A lawmaker looks over maps during a redistricting debate in the General Assembly in 2011.
However, the plaintiffs fell short of documenting that state legislators and staff intended to depress black voter strength, the judges wrote.
“We did not move these voters because they are black, the state tells us. We moved them because they were Democrats. And under current Supreme Court precedent, the state tells us this motive is perfectly acceptable,” the order said.
The Georgia General Assembly redrew legislative boundaries in 2015 as Republicans feared they could lose the seats held by Chandler and Strickland, which they had won with 52.8 percent and 53.1 percent of the vote, respectively, the previous year.
Both Gwinnett and Henry counties had become more black and less white between 2000 and 2014. The number of white voters in Gwinnett declined by about 3,000, and black voters increased by 74,000, according to an email at the time from the Georgia Legislative and Congressional Reapportionment Office.
The increasing competitiveness of the districts caused the Republican-controlled Georgia General Assembly to redraw the districts in 2015, outside the standard process of redistricting every 10 years after each census.
Chandler and Strickland would have lost re-election in 2016 if their districts hadn't been changed, according to an expert for the plaintiffs cited in the court's decision. Strickland won a special election this year to the state Senate.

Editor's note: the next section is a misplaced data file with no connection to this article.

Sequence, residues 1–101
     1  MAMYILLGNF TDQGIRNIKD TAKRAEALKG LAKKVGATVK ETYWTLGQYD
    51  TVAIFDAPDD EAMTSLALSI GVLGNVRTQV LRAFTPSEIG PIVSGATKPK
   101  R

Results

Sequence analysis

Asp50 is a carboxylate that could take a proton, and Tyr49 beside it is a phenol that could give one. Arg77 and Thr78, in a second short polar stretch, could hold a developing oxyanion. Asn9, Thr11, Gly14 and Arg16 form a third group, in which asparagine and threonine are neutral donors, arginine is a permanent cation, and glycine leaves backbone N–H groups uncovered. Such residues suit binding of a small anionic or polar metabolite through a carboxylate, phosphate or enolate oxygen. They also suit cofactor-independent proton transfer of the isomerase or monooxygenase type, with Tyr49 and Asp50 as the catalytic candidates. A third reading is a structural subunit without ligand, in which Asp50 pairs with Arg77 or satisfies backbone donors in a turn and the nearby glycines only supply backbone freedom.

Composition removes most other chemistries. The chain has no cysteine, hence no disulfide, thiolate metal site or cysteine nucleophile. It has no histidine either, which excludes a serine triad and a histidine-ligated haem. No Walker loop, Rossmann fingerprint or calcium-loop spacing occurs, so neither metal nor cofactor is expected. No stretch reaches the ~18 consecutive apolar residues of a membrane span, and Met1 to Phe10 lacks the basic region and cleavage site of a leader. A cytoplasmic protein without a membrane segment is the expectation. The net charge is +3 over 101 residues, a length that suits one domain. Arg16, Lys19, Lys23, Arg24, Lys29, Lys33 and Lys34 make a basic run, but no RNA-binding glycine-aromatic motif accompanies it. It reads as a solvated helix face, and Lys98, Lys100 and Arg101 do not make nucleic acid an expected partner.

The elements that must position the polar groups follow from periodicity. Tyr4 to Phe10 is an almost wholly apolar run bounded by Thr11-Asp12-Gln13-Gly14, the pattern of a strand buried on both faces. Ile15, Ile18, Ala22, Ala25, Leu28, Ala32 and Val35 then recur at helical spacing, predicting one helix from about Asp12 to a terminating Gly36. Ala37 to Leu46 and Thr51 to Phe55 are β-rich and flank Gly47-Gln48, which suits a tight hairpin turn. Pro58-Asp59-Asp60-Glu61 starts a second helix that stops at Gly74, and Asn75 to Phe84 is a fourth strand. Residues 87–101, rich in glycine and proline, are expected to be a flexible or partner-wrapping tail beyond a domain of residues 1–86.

An attorney for the plaintiffs, Bill Custer, said Thursday he’s confident they’ll eventually prevail in the case, despite the court’s denial of the injunction.
“One of the key questions in the case is whether race predominated in the redrawing of Districts 105 and 111,” Custer said. “The fact that the majority found the evidence on that point to be ‘compelling’ is obviously a good sign.”
A spokeswoman for the Georgia Attorney General’s Office, which is defending the state against the lawsuit, declined to comment Thursday. The Georgia NAACP didn’t return a message seeking comment.
All three judges on the U.S. District Court panel agreed to deny the injunction, but one judge objected to his peers’ assertion that voters were denied “fair and effective representation.”
U.S. District Judge William Duffey wrote that references to the districts’ “changing demographics” doesn’t necessarily mean race was a factor in redistricting.
But U.S. Circuit Judge Beverly Martin and U.S. District Judge Timothy Batten wrote that their opinion is based in part on testimony from former House Reapportionment Committee Chairman Randy Nix, who said legislators and staff sat in a room together in front of a computer and attempted to draw safer Republican districts.